Remembering Robert Burns has never been straightforward




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Gerard Lee McKeever, University of Glasgow

The memory of the Ayrshire-born Scottish poet Robert Burns has always been complicated, especially in Dumfries, the town where he died in July 1796. In the years following his untimely demise at the age of 37, literary tourists including Dorothy Wordsworth and John Keats visited this market town in south-west Scotland in search of their hero. What they found, however, was a vision of Burns and of Scotland itself that seemed out of place, difficult to comprehend and yet intensely personal.

Burns’s own relationship to Dumfriesshire was enigmatic from the start. When he arrived to take up the tenancy of Ellisland farm in the summer of 1788, he declared himself in a “land unknown to prose or rhyme”. But Burns’s view of the region would evolve many times. By August of the same year, he was commemorating the Nith Valley’s “fruitful vales”, “sloping dales” and “lambkins wanton”, and had already written back in October 1787 that: “The banks of Nith are as sweet, poetic ground as any I ever saw.”





Dumfries, where Burns died in 1796.
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Burns composed some of his best-known work during these years, including what many consider his masterpiece, Tam o’ Shanter. And yet a shift in focus from poetry to songwriting – as he worked to collect, revise and compose lyrics for collections of national song – changed the sense of both place and personality in his writing. In his earlier years, Burns’s poetry had often been intensely self-reflective, rooting a version of himself in the Ayrshire landscape where he was raised. Now, his persona receded into the background due to the inherently communal nature of folksong.

At the same time, Burns’s employment as an excise officer and his eventual poor health in Dumfries would lead 19th-century commentators such as the historian Thomas Carlyle to accuse the town of wasting the poet’s talents through a lack of patronage. That underestimates Burns’s agency as a member of the lower middle class, who took pride in supporting his family independently. Yet still, what emerged was a lingering sense of the Ayrshire Burns as the true Burns, where the Dumfries Burns was only a tragic, diminished echo of himself.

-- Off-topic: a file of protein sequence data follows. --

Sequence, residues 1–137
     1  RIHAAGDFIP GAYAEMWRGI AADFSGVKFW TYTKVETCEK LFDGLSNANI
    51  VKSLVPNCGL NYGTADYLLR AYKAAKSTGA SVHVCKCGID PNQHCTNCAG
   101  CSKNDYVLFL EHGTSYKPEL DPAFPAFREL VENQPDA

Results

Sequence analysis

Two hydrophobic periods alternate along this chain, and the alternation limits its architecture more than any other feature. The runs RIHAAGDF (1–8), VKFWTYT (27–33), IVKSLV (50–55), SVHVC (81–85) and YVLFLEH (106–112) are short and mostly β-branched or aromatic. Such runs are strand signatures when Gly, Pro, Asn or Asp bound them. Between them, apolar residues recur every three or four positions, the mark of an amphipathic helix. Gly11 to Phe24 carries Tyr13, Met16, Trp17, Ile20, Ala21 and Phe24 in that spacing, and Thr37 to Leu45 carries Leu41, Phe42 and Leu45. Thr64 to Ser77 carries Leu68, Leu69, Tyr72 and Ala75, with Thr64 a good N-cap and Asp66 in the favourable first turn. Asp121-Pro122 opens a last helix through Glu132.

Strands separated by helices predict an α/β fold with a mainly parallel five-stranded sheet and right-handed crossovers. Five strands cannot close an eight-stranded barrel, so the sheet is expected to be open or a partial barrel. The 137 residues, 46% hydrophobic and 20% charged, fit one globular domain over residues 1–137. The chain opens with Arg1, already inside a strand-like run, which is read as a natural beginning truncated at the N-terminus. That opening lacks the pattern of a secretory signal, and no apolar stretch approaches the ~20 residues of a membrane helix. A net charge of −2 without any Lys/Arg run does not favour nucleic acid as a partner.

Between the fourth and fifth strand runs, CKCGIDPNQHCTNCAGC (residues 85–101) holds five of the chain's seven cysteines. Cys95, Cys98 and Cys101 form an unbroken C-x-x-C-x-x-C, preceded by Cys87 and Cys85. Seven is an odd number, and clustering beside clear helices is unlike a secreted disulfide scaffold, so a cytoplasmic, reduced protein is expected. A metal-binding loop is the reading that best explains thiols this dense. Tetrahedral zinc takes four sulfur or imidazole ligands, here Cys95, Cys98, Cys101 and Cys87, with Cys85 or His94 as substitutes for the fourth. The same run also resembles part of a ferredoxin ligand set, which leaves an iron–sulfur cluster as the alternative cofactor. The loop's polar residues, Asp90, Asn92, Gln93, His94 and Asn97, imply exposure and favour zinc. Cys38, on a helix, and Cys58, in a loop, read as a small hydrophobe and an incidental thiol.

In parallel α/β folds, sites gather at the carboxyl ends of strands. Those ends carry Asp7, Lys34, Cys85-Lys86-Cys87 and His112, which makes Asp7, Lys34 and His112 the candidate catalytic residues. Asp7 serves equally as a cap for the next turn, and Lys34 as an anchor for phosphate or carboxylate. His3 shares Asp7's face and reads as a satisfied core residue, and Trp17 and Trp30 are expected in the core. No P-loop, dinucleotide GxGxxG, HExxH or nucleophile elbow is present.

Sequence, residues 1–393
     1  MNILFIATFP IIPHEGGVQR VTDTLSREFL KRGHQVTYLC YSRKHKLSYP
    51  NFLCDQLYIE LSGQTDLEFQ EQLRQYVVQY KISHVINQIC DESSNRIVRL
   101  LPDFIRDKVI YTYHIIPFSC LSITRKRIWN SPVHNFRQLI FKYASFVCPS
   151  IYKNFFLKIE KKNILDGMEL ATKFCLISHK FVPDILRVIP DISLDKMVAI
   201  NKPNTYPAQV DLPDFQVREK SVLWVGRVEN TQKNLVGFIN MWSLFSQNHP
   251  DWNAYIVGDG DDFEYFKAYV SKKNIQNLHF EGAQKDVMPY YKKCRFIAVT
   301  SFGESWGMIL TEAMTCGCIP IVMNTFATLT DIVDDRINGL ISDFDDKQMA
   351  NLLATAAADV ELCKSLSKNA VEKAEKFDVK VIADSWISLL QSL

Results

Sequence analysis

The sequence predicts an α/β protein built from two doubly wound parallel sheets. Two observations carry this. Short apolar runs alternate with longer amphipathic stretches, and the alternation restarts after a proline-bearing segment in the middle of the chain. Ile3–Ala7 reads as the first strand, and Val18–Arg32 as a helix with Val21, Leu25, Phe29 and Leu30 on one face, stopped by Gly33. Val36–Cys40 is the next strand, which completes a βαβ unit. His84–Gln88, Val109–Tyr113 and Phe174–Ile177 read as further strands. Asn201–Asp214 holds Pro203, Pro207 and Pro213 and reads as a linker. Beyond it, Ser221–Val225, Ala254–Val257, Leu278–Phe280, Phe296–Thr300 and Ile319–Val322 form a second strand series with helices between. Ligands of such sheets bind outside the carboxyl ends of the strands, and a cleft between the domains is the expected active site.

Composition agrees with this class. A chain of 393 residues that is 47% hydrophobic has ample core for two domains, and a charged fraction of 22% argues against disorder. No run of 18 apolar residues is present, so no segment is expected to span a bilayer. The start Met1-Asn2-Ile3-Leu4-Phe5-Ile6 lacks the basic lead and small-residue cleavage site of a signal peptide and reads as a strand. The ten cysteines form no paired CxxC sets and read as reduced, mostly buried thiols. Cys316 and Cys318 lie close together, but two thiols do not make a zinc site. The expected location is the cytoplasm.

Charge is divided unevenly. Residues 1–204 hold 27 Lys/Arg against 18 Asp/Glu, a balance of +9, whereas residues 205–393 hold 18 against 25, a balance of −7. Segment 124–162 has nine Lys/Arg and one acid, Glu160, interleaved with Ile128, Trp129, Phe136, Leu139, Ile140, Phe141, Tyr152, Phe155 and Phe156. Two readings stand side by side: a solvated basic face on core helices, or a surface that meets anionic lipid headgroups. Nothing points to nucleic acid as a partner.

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Poetic pilgrimage


In 1803, Dorothy Wordsworth set off from the Lake District on a tour of Scotland in the company of her brother William and Samuel Taylor Coleridge. Among key items on their itinerary was a pilgrimage to Burns sites in and around Dumfries. Yet the poet’s memory would not be easily reckoned with.

In her tour journal, Wordsworth quoted Burns’s own A Bard’s Epitaph – “thoughtless follies laid him low, | And stain’d his name” – to underline the moral failings of a poet already famous for his love affairs and heavy drinking. She wrote:

We could think of little else but poor Burns, and his moving about on that unpoetic ground.

Burns proved an inescapable but difficult presence in Dumfries for Wordsworth. He became representative of a south-west Scotland that defied easy comprehension: neither quite “the same as England” nor “simple, naked Scotland”.

Further north at Ellisland farm, Wordsworth remembered catching a view back home to “the Cumberland mountains”. The idea was taken up by her brother in a poem originally titled Ejaculation at the Grave of Burns, in which William imagined himself and Burns as the hills of Criffel and Skiddaw staring at one another across the Solway Firth. Yet the dead poet remained out of reach, leaving these tourists to their personal musings about Dumfriesshire in the terms of tragedy: a visit to Burns in 1803 was already seven years too late.





Keats made a pilgrimmage to Burns’s grave.
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If anything, the situation was even more pronounced in John Keats’s account of his 1818 walking tour, in which Dumfries shoulders much of the blame for the tragic story of this “poor unfortunate fellow”. Keats would find himself disgusted at the tourism industry that had already sprung up at the poet’s birthplace further north in Ayrshire.

But when confronted with the spectacle of Burns’s death, Keats apparently struggled to make much sense of Dumfries at all. Performing a kind of theatrical bewilderment in On Visiting the Tomb of Burns, he wrote that the town seemed “beautiful, cold – strange – as in a dream”.

Memory and imagination


It is difficult to overstate the impact of Burns’s legacy in south-west Scotland, for better or worse. His influence on following generations of poets in the region could be both inspiring and suffocating, while civic pride in his memory took on new forms in Dumfries as elsewhere throughout the 19th century, not least in the extravagant centenary celebrations in 1859.






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Today, when the poet’s birthday is marked on January 25 around the world, many different and contradictory versions of Burns will be remembered. In their complex responses to Dumfries, where the poet’s death has often seemed more tangible than his birth, early literary tourists like the Wordsworths and Keats show that this is nothing new.

After all, the role of a national poet – a vehicle for our thoughts and dreams – underlines how much of both memory and geography is the work of the imagination.The Conversation

Gerard Lee McKeever, British Academy Postdoctoral Fellow, University of Glasgow

This article is republished from The Conversation under a Creative Commons license. Read the original article.

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